Here is Donald Trump’s 1001th Lie Since Becoming U.S. President
Donald Trump is a cheat and a liar. You don’t need us to tell you that. If you have been awake for five minutes in the last few years, you’ve heard one of his lies. Or two. Maybe three.
But here is something you may not be aware of. Becoming the President of United States and Commander-in-Chief of the Armed Forces has not stopped Trump’s penchant for telling lies and falsehoods.
Our experts just recorded his 1001th lie as U.S. President. This does not include all the lies he told to win the office.
That is 1001 lies recorded and that may not be all the lies he has told so far.
Last night while talking about Afghanistan war, Trump said this: “In every generation, we have faced down evil, and we have always prevailed….” Our experts called that a lie. United States did not prevail during the Vietnam war.
Wikipedia reports that “direct U.S. military involvement ended on 15 August 1973. The capture of Saigon by the North Vietnamese Army in April 1975 marked the end of the war, and North and South Vietnam were reunified the following year.”
According to The Vietnam War website: “Objectively, North Vietnam – the communists – who achieved their goals of reuniting and gaining independence for the whole Vietnam won the war whereas South Vietnam under the U.S. support lost the war.”
But that is the least of it. Below are some lies this president has told since assuming office.
Speaking to reporters on August 15, 2017, Trump said that wages have not gone up for a long time for American workers. That has been termed a lie by our friends at Politifact.
Speaking after the incident in Charlottesville, Va., a reporter asked him what he believes needs “to be done to overcome the racial divides in this country?”
“I really think jobs can have a big impact. I think if we continue to create jobs at levels that I’m creating jobs, I think that’s going to have a tremendous impact, positive impact, on race relations.”
The reporter then pressed him on the relationship between an improved U.S. economy and race relations in the country.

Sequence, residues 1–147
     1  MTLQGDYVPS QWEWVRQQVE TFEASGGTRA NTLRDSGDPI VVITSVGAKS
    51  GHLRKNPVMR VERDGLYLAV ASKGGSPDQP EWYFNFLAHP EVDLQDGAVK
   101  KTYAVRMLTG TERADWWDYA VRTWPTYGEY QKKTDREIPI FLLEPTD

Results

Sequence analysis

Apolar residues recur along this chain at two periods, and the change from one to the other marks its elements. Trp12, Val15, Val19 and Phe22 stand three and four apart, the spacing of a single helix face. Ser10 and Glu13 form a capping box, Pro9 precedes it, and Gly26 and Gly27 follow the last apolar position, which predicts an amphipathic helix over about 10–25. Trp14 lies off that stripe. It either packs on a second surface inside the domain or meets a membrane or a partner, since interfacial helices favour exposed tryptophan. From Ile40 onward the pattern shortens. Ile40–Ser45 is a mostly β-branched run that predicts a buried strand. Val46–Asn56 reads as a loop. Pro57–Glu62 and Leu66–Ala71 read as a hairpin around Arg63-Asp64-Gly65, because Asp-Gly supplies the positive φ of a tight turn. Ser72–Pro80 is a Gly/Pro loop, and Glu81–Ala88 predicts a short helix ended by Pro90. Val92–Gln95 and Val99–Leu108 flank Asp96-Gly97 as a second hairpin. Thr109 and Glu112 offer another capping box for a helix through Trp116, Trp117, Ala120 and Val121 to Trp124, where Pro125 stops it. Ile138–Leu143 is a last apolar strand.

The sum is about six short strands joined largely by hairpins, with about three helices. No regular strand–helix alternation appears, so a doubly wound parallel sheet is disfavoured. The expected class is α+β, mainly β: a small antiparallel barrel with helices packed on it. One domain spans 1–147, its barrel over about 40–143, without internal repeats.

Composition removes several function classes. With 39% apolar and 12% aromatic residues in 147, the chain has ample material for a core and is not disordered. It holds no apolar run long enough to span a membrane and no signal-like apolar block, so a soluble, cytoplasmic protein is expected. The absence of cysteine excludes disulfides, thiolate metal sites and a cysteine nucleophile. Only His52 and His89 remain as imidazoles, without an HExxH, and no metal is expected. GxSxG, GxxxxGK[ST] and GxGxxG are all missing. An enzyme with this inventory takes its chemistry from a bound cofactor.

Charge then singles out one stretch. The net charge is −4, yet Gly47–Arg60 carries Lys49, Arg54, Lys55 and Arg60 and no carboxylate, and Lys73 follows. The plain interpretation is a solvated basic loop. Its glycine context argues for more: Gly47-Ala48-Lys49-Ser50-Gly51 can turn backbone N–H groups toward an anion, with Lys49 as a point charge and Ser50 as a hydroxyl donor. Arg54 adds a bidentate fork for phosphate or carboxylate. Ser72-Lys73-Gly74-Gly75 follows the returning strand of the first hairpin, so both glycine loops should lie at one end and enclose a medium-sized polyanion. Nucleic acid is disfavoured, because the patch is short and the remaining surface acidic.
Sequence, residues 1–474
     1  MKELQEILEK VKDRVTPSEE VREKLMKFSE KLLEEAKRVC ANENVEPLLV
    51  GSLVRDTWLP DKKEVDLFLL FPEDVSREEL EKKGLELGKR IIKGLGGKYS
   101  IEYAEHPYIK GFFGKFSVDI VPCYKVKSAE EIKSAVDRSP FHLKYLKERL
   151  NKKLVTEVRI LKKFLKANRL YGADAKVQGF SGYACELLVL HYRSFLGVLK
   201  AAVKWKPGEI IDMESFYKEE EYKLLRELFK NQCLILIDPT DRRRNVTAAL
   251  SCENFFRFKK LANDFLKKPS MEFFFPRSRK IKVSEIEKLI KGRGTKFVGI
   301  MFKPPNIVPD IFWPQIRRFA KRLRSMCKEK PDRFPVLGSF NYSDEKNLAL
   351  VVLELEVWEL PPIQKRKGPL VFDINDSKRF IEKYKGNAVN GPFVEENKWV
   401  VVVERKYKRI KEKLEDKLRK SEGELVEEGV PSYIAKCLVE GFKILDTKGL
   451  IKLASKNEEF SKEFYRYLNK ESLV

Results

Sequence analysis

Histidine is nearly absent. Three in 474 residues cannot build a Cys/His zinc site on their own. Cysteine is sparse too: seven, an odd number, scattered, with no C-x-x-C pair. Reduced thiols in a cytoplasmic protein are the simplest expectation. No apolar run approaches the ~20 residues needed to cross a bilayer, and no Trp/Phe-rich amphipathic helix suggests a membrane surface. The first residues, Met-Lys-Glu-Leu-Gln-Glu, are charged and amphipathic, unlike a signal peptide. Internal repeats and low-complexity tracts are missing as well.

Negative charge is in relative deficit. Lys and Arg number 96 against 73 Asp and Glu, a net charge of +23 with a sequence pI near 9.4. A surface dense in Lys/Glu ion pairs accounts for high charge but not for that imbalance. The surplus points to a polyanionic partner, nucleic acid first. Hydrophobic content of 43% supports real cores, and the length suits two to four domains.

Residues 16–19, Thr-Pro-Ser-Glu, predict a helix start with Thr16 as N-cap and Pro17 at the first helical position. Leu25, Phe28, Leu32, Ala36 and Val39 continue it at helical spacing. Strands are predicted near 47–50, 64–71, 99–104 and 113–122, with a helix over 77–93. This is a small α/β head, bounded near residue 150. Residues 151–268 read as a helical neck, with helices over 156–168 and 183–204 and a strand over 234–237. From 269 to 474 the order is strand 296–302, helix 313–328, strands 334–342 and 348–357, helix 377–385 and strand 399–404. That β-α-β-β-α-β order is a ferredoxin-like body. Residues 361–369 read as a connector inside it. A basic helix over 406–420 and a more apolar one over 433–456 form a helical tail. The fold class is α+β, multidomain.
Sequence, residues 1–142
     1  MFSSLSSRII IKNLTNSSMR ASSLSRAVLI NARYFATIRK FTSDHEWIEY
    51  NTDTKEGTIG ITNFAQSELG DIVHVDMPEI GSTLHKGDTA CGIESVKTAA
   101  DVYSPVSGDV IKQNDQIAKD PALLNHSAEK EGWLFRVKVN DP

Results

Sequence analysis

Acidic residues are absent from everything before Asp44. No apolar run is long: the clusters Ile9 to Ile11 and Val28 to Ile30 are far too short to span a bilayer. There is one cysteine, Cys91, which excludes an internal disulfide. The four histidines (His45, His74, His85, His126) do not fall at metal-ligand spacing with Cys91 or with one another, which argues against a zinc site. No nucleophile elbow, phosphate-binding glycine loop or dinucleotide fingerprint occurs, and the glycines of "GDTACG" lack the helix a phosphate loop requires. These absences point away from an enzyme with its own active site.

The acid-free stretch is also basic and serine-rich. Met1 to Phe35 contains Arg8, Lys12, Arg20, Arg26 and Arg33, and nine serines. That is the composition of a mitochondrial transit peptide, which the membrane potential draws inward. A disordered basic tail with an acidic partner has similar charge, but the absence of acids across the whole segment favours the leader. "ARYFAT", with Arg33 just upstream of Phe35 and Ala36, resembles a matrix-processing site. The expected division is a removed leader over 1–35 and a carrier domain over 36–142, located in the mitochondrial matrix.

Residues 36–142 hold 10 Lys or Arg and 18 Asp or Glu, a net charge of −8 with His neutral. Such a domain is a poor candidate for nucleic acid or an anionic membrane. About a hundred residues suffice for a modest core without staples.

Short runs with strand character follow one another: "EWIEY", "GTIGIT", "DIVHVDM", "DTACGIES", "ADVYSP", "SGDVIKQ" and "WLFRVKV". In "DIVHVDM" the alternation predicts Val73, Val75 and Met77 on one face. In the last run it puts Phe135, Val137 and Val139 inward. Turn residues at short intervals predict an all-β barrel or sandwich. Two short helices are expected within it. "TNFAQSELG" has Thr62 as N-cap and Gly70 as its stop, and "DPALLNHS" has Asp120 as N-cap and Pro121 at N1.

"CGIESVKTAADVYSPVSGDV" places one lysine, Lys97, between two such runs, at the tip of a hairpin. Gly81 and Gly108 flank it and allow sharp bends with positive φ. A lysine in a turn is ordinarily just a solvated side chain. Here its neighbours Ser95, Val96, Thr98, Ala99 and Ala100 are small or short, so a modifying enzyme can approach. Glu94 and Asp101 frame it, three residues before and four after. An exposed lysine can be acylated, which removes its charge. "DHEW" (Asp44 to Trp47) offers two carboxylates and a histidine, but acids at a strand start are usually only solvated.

“Because the people are going to be working,” Trump said. “They’re going to be making a lot of money, much more than they ever thought possible. That’s going to happen. The other thing, very important: I believe wages will start going up. They haven’t gone up for a long time.”
According to U.S. economists, wages have been going up since the end of the Great Recession in 2014.
After a van driven by a terrorist crashed into a crown of people in Barcelona on August 17, 2017, Trump went on Twitter. He condemned the attack and urged the world to get tougher on terrorists. That is good.
But then he said: “Study what General Pershing of the United States did to terrorists when caught. There was no more Radical Islamic Terror for 35 years!”
“They were having terrorism problems, just like we do,” Trump said, according to a February 2016 account in the Washington Post.
“And he caught 50 terrorists who did tremendous damage and killed many people. And he took the 50 terrorists, and he took 50 men and he dipped 50 bullets in pigs’ blood — you heard that, right? He took 50 bullets, and he dipped them in pigs’ blood. And he had his men load his rifles, and he lined up the 50 people, and they shot 49 of those people. And the 50th person, he said: You go back to your people, and you tell them what happened. And for 25 years, there wasn’t a problem. Okay? Twenty-five years, there wasn’t a problem.”
That was the second time Trump has said that about Gen. John Joseph “Black Jack” Pershing. On Feb. 19, 2016 during a South Carolina rally, Donald Trump told the same story except that it was 35 years. He twitted about it as well.
Study what General Pershing of the United States did to terrorists when caught. There was no more Radical Islamic Terror for 35 years!
— Donald J. Trump (@realDonaldTrump) August 17, 2017
Problem is – somehow, 25 years became 35 years. Also, according to U.S. historians, there is no proof that the story he keeps repeating actually happened.
“This story is a fabrication and has long been discredited,” said Brian McAllister Linn, a Texas A&M University historian and author of Guardians of Empire: The U.S. Army and the Pacific, 1902-1940. “I am amazed it is still making the rounds.”
Christopher Einolf, a professor at DePaul University and author of America in the Philippines, 1899-1902: The First Torture Scandal, added that he trusted the conclusion of the late military historian Frank E. Vandiver, who told About.com in 2003 that “I never found any indication that it was true in extensive research on his Moro experiences. This kind of thing would have run completely against his character.”
Other historians noted that Pershing pursued a less brutal approach to “pacifying” the rebels in the southern Philippines than Leonard Wood, one of his predecessors.
No one can keep track of this president’s lies. He tells so many of them, it is simply impossible to record them all.
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